Tuesday, June 28, 2016


Few people saw the stunning result of the Brexit vote coming out the way it did. But, now that the results are known and the dust has settled ( to a point ) some things have become evident.


In many ways, the result could be seen as an anti-trade block vote. Many people have become suspicious of large-scale free-trade agreements. In the case of the EU, there is no doubt that over time it has become a bloated, overly regulated, and puzzling entity. It had, in its origins, the best of intentions. But the hodge-podge of treaties and agreements has made it, at the very least, impossibly confusing and, at worst, corrupt and self-serving. It is quite possible that some British voters had had enough with the inefficiency.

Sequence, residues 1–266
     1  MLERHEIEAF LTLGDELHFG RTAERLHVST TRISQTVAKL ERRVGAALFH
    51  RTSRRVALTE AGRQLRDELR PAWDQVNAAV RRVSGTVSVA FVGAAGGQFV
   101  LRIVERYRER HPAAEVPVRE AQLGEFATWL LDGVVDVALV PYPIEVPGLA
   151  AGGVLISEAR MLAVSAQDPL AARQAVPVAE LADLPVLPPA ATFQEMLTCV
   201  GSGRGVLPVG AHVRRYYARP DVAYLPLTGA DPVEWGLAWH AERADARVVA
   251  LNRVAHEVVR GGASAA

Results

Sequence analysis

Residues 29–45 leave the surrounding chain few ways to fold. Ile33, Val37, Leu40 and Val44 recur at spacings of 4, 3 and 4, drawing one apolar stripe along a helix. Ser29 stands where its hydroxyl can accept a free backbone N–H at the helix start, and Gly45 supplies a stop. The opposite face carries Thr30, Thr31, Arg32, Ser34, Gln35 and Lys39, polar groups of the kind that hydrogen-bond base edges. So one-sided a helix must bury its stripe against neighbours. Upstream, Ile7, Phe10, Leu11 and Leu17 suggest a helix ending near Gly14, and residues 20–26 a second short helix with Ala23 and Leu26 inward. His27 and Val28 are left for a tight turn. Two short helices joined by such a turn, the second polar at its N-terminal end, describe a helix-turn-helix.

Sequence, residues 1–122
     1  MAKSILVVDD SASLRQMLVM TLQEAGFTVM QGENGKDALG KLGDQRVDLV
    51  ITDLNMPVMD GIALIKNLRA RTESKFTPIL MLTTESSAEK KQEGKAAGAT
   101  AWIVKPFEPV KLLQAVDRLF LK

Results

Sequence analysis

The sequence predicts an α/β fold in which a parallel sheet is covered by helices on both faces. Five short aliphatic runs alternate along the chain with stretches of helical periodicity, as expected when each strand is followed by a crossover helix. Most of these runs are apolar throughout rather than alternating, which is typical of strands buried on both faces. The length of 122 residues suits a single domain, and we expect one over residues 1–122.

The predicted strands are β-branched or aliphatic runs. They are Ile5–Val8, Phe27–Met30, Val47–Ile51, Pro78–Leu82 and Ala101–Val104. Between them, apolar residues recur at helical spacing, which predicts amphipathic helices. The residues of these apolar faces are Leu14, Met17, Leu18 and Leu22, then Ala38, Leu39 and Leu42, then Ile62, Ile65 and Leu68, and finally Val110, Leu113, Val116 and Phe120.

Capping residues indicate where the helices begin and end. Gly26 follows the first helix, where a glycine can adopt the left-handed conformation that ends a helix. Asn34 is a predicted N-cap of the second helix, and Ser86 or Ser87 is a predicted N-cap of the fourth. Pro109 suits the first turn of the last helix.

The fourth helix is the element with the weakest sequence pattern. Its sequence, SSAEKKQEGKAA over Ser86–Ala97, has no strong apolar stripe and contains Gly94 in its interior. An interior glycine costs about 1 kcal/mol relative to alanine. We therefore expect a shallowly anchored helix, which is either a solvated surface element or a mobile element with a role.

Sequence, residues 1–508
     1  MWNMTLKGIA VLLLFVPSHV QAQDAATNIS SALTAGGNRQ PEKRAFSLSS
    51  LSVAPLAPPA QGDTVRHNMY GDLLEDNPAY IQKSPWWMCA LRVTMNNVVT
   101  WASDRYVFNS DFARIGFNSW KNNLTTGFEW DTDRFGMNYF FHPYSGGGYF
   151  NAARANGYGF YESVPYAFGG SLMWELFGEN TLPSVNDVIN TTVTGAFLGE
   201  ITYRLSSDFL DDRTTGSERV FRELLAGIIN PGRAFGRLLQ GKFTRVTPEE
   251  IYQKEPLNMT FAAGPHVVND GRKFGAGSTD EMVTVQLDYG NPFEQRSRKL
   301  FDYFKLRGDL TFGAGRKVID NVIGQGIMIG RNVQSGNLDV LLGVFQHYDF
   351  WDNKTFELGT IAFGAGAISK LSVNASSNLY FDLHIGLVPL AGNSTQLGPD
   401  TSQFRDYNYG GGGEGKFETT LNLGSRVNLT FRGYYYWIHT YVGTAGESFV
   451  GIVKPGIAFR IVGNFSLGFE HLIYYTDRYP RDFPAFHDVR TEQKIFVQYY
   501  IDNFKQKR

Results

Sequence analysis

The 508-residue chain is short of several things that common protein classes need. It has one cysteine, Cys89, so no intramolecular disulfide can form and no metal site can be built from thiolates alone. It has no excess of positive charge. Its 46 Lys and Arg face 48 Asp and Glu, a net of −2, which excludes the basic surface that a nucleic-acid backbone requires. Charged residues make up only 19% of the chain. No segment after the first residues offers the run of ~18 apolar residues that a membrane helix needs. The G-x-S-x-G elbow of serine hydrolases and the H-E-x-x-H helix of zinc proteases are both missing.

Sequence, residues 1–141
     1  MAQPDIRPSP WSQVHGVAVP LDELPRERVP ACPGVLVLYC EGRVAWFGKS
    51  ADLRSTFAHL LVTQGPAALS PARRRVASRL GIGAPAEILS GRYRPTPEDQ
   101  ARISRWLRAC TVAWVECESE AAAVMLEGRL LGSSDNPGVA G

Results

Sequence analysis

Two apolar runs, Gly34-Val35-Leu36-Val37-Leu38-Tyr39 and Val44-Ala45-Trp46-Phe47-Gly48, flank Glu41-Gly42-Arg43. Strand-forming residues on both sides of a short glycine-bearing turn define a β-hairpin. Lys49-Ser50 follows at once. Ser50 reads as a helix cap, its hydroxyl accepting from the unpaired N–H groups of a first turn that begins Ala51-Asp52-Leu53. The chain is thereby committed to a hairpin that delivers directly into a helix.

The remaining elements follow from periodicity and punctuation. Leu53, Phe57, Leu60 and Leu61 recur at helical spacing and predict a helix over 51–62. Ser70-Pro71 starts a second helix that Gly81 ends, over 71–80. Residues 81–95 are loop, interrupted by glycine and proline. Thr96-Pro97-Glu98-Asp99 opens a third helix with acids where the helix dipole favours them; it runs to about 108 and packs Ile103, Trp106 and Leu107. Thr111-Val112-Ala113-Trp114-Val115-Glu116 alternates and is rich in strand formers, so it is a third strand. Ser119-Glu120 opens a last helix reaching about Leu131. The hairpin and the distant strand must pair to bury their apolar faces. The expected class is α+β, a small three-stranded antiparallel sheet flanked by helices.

Free trade agreements are meant to be a boon to the economies of those nations who participate. In Canada, the Free Trade election of 1988 was supposed to bring in "jobs, jobs, jobs" according to the Prime Minister of the day, Brian Mulroney. In theory, it did. Canadian firms had access to the huge U.S. market and all seemed to go just as the auto industry had shown before the FTA came into effect. But then, along came Mexico and everything changed. Over time the FTA became NAFTA and many good-paying industrial jobs went south because Mexican workers were willing to work for less money and the Mexican government was willing to stifle any efforts of trade unions to establish chapters in that country. Subsequent trade agreements with other "developing" nations has shown a similar trend.